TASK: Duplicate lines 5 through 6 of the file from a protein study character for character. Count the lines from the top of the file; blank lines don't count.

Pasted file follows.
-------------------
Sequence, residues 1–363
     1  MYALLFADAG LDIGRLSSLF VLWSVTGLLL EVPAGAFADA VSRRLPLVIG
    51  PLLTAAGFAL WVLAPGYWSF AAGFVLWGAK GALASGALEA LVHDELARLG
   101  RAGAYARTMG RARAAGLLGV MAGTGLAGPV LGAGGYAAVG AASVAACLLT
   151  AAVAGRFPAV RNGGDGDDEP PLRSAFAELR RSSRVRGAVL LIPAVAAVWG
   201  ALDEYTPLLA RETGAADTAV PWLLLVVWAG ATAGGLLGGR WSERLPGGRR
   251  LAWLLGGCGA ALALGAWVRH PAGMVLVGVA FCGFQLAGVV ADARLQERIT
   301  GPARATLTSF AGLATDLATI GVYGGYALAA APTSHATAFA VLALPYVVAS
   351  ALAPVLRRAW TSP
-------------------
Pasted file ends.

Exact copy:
   151  AAVAGRFPAV RNGGDGDDEP PLRSAFAELR RSSRVRGAVL LIPAVAAVWG
   201  ALDEYTPLLA RETGAADTAV PWLLLVVWAG ATAGGLLGGR WSERLPGGRR